Saint Mary's University has re-instated its women's hockey program after a barrage of public criticism and a pledge from Canadian Tire to provide corporate sponsorship for the team.
In a news release issued Tuesday, Colin Dodds, the president of the Halifax university, says the decision to cancel the program was a mistake and the university is sorry it took that step.
"The decision to cancel the women's varsity hockey program last week, in response to budget pressures, was wrong and we deeply regret it," said Dodds in the release.
"We are taking several initiatives to earn back the respect lost so as to ensure that our students, alumni and friends continue to be enriched by the tradition and contributions of our female athletes."
An executive meeting of the university's board voted Tuesday morning to keep the team. The full board ratified the decision later in the day.
Dodds says he was "troubled" that last week's decision to cancel the program created the impression that Saint Mary's was backing away from its committment to support gender equality in sports and academics.
The news release also says Canadian Tire is taking the lead in organizing corporate donations for the team, and will be making a significant announcement Wednesday on the campus.
No figures on the amount of the corporate donation were given in the release.
The university recently announced it was ending the women's hockey program because of budget cuts, setting off protests by the team and its supporters.
The decision to cut women's hockey was put on hold last week after university officials received a large number of letters and emails expressing support for the program.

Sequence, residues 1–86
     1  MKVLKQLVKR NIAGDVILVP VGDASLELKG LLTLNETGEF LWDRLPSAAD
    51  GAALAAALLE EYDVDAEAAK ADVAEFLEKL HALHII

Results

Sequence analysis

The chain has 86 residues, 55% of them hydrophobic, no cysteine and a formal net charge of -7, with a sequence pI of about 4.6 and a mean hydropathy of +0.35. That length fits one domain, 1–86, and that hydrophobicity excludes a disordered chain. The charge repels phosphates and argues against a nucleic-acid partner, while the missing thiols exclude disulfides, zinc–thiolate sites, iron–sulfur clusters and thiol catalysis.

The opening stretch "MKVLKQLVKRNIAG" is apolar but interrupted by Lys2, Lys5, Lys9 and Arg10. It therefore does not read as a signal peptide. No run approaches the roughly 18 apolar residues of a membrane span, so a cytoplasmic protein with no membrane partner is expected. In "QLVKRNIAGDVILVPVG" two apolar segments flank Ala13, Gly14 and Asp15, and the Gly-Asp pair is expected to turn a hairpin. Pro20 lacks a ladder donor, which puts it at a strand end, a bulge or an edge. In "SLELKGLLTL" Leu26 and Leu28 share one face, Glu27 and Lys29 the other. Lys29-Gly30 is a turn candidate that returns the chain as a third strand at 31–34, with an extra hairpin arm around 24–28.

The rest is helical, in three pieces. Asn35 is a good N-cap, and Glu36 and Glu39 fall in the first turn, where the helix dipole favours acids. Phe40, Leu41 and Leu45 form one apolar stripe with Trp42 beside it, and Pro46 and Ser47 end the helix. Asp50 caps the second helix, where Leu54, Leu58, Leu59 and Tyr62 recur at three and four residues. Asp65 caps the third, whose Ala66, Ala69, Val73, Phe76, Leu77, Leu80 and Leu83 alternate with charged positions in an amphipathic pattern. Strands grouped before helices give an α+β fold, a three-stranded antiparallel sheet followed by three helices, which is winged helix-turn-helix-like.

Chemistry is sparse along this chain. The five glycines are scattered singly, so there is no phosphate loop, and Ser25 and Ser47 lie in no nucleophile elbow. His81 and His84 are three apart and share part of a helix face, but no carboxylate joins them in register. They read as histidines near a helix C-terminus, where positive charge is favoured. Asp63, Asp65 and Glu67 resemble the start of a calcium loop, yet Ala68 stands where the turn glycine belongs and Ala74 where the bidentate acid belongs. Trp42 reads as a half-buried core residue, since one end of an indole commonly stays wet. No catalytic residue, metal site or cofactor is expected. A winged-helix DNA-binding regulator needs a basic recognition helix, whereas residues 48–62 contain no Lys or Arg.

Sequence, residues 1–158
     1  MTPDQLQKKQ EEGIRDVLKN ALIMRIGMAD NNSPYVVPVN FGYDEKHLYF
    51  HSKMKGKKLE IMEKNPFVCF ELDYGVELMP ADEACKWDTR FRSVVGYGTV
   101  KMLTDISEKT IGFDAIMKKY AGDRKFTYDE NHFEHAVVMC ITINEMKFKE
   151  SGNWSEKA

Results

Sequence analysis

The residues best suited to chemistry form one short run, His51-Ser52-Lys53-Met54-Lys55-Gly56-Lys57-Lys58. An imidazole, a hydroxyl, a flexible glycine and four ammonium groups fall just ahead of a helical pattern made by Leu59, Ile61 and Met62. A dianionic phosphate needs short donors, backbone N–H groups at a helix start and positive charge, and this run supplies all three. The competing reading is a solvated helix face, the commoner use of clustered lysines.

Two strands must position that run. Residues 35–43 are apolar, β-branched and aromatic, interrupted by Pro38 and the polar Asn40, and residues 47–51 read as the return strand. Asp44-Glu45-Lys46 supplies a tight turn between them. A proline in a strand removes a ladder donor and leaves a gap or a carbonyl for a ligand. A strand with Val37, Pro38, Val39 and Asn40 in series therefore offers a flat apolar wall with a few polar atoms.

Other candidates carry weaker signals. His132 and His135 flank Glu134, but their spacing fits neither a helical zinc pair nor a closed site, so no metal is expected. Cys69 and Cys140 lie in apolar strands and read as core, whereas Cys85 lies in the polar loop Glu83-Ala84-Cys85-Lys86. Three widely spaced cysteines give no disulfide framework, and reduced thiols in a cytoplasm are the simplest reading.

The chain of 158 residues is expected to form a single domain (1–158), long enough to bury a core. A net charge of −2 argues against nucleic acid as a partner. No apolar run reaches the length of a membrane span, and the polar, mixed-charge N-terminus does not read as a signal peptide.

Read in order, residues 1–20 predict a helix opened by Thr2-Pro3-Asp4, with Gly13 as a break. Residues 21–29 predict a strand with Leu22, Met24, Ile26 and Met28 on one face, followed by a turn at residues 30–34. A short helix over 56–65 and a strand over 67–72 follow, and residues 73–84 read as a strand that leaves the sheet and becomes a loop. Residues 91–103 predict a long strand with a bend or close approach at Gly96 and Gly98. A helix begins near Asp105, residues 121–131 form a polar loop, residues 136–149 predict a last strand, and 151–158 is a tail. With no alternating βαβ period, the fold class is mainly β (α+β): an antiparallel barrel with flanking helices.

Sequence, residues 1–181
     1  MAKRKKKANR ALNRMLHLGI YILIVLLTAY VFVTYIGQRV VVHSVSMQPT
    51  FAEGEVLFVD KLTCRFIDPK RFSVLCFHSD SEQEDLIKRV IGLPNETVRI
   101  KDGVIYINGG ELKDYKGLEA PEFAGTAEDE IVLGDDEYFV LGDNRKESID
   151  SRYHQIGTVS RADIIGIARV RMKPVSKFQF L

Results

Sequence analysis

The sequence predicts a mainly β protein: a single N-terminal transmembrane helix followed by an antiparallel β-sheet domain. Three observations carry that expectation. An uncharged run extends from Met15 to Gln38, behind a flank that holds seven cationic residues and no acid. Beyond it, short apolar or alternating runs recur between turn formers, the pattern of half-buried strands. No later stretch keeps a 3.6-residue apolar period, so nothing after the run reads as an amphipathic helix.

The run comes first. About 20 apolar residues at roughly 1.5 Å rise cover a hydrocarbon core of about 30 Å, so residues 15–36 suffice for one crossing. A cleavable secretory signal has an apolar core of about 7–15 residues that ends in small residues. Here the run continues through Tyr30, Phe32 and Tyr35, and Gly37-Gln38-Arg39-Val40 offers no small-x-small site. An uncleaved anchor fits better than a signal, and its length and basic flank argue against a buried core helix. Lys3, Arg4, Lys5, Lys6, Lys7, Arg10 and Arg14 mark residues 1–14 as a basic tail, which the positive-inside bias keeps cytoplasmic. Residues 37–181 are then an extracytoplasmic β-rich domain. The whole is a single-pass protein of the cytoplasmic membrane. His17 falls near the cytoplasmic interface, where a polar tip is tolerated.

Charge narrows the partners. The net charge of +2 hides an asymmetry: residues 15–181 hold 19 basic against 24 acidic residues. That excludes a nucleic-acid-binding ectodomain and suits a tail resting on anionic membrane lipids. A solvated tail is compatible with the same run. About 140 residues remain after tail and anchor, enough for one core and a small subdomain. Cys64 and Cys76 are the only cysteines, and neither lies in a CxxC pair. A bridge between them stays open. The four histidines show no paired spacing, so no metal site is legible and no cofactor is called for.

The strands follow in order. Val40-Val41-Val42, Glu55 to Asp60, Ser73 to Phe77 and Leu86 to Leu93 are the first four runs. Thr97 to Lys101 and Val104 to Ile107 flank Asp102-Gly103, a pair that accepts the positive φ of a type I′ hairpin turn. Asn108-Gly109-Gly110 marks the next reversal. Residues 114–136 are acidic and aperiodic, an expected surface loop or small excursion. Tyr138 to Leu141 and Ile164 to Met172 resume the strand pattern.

Officials have said that the women's hockey program was the most expensive of all the women's varsity teams with an operational budget of $60,000.
Team coach Lisa Jordan described Tuesday's reversal as "a huge positive."
"Female hockey is growing so strongly in Canada and Saint Mary's is now able to make their contribution as well...So I'm very encouraged by the decision. There is only positive from this," she told the Halifax Chronicle Herald.
Jordan's program has been a success on the ice, winning four league championships. The Huskies went to the nationals last year, losing in the bronze-medal game.
Jordan said some of the 18 players eligible to return next season are reconsidering on grounds the university broke faith by targeting the program in the first place.
Some prospective recruits have changed their minds about joining the team.
"There's still some fallout," she said. "It was a really difficult day last Friday. The players felt there was a commitment that they were making to the school and that it was reciprocal and certainly by announcing the program was cut demonstrated the exact opposite."
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